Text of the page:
Decided: June 25, 1992.
DEBORAH DOLAN AND SAGAMORE FARMS, INC., PLAINTIFFS-APPELLANTS,
UNITED STATES EQUESTRIAN TEAM, INC., A NEW YORK CORPORATION; AMERICAN HORSE SHOWS ASSOCIATION, INC., A NEW YORK CORPORATION; WILLIAM STEINKRAUS, FRANK CHAPOT, LINDA ALLEN AND GEORGE MORRIS, INDIVIDUALLY, DEFENDANTS-RESPONDENTS
On appeal from the Superior Court of New Jersey, Chancery Division, Somerset County.
J.h. Coleman, Bilder and Keefe. The opinion of the court was delivered by Bilder, J.A.D.
[257 NJSuper Page 316]
This is an appeal by an amateur horse rider from an order of the Chancery Division dismissing a suit against two non-profit amateur athletic associations, defendants United States Equestrian Team, Inc. and American Horse Shows Association, Inc. (AHSA) and the officers of AHSA, essentially for their failure to choose her as a member of the American team which competed at the 1990 World Equestrian Championship in Stockholm. In a seven count complaint, plaintiffs Deborah Dolan and her horse farm, Sagamore Farms, Inc., charge violation of the federal Amateur Sports Act, 36 U.S.C.A. § 371, et seq.; false representations with respect to the selection procedures and criteria; negligent representations with respect to the selection procedures and criteria; breach of promise with respect to the selection procedures and criteria; breach of promise to permit her to compete as a member of the team after she had been selected; and fraudulent actions by the officers of the defendant United States Equestrian Team, Inc. (defendants William Steinkraus, Frank Chapot, Linda Allen and George Morris) to deprive her of her selection as a member of the team and malicious interference by those officers with her contractual right to compete as a member of the team.
The matter came before the trial Judge on a series of motions by the different defendants which taken together essentially sought a dismissal for failure to state a cause of action, see R. 4:6-2, and/or a summary judgment as a matter of law, there being no genuine dispute as to any material facts, see R. 4:46-1. Although some argument is raised by plaintiffs as to the procedural propriety of the consideration of the motions as brought under both rules, we are satisfied that the court was procedurally correct in its interpretation of the moving papers and that, in any event, plaintiffs were not unfairly surprised or prejudiced by those rulings. See State v. Kociolek, 23 N.J. 400, 428, 129 A.2d 417 (1957).
[257 NJSuper Page 317]
In an oral opinion of January 28, 1991, the trial Judge dismissed the complaint on alternative grounds: (1) whether viewed under R. 4:6-2(e) or under R. 4:46-2, Ms. Dolan*fn1 has no cognizable cause of action citing Rutledge v. Gulian, 93 N.J. 113, 124, 459 A.2d 680 (1983); Higgins v. American Society of Clinical Pathologists, 51 N.J. 191, 202, 238 A.2d 665 (1968); and Loigman v. Trombadore, 228 N.J. Super. 437, 449-450, 550 A.2d 154 (App.Div.1988), i.e., the complaint failed to allege a cause of action; (2) there was a failure to exhaust her administrative remedies; and (3) there was a failure to join an indispensable party, Ms. Kursinski.*fn2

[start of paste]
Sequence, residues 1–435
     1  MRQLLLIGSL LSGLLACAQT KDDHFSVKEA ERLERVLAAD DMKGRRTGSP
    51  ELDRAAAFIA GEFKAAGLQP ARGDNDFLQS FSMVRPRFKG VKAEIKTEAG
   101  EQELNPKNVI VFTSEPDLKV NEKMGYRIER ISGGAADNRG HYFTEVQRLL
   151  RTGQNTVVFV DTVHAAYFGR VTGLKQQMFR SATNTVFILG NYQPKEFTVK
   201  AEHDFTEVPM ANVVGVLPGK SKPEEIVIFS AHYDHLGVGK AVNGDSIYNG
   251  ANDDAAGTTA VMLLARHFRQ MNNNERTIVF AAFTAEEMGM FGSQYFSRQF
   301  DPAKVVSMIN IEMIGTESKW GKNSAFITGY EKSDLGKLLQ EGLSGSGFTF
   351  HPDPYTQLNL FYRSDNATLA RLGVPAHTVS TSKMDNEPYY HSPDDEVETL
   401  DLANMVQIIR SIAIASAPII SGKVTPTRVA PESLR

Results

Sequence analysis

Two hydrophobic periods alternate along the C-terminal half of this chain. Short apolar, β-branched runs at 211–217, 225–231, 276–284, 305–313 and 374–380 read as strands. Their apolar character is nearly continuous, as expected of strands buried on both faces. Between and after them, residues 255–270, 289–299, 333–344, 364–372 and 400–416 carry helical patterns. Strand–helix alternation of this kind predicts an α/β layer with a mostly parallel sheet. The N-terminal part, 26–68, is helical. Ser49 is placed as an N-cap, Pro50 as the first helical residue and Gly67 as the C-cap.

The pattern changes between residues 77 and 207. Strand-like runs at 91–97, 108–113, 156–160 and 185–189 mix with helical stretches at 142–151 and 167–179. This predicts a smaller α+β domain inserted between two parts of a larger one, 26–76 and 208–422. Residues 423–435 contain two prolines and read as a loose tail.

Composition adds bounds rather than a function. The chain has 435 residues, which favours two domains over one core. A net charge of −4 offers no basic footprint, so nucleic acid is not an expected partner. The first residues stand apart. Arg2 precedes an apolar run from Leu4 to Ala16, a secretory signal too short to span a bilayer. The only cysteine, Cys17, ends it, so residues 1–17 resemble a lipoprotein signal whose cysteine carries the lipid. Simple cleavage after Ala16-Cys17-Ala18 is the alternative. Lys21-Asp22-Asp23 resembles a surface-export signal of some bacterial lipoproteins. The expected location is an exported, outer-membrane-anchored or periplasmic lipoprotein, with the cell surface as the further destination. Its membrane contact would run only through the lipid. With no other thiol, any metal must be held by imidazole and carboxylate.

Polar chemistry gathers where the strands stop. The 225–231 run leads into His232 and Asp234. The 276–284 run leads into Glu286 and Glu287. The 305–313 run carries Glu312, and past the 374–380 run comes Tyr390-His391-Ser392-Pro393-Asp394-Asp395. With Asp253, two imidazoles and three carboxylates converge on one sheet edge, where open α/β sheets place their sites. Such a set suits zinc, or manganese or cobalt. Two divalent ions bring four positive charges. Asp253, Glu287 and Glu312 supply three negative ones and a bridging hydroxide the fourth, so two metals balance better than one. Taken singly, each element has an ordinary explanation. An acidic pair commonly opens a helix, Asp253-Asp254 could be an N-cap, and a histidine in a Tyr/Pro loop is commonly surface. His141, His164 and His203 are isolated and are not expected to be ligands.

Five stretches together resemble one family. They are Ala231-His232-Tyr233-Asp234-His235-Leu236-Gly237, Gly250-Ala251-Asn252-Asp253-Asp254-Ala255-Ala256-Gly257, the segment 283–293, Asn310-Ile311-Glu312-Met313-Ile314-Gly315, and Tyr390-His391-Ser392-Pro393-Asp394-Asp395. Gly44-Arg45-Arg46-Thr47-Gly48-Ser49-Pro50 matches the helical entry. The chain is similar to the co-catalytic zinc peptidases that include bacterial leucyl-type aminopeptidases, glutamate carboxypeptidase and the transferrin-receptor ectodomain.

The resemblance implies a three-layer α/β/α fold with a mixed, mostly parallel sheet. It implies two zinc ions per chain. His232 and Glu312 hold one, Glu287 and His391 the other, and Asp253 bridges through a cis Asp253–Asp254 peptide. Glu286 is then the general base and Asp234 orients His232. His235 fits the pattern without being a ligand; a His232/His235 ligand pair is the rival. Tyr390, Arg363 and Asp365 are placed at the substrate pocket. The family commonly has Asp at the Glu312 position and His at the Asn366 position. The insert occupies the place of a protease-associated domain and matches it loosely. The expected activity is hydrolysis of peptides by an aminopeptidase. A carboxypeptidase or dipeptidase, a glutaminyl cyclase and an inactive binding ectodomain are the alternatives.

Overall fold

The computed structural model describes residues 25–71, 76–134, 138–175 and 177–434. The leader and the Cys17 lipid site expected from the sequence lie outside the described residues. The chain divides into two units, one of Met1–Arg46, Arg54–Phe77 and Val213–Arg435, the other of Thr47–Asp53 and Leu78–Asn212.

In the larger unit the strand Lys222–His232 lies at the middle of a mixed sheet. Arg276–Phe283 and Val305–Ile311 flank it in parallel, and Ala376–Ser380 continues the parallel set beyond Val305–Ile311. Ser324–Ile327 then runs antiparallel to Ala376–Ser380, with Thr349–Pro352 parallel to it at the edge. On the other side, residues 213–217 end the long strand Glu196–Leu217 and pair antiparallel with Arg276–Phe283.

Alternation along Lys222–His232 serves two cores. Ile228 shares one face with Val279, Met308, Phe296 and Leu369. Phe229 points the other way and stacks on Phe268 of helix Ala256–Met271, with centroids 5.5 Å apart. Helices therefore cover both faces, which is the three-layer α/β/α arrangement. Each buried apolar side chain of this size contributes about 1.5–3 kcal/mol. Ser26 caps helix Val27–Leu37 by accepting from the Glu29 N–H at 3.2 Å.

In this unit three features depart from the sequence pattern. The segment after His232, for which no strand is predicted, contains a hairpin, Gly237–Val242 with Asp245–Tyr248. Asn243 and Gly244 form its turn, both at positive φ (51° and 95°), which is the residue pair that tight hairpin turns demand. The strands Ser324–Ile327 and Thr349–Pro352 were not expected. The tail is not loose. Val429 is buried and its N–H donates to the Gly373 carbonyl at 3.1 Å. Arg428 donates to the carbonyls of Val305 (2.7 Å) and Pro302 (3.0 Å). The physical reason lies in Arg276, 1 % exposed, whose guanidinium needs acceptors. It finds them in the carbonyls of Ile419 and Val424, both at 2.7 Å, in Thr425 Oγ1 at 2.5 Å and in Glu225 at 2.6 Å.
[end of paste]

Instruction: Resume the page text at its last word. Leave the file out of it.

Because we are satisfied that plaintiffs' claims are barred by a failure to exhaust administrative remedies, we do not consider the other grounds upon which the trial court based its decision nor other contentions raised by the parties.
Participation in international sports competitions on behalf of this country is governed by the federal Amateur Sports Act, 36 U.S.C.A. § 371 et seq. The Act and its legislative history have been exhaustively examined and carefully analyzed by a number of federal Courts of Appeal. Behagen v. Amateur Basketball Ass'n of U.S., 884 F. 2d 524 (10th Cir.1989), cert. den., 495 U.S. 918, 110 S. Ct. 1947, 109 L. Ed. 2d 310, (1990); Oldfield v. Athletic Congress, 779 F. 2d 505 (9th Cir.1985); Michels v. United States Olympic Committee, 741 F. 2d 155 (7th Cir.1984); also Devereaux v. Amateur Softball Ass'n of America, 768 F. Supp. 618 (S.D.Ohio 1991). Any further comment in this regard by us would be mere redundancy. It is sufficient to understand that an important feature of the Act is its provision for the use of administrative procedures to resolve disputes.
The prompt resolution of disputes was a principal purpose of the Act. See Michels v. United States Olympic Committee,
[257 NJSuper Page 318]
supra, 157; Oldfield v. Athletic Congress, supra, 506-507; also San Fran. Arts & Athletics, Inc. v. U.S.O.C., 483 U.S. 522, 544, 107 S. Ct. 2971, 2985, 97 L. Ed. 2d 427, 453 (1987) ("The Amateur Sports Act was enacted 'to correct the disorganization and the serious factional disputes that seemed to plague amateur sports in the United States'"). One of the enumerated purposes of the United States Olympic Committee (USOC), the vehicle created by Congress to coordinate amateur athletics and national governing bodies, was to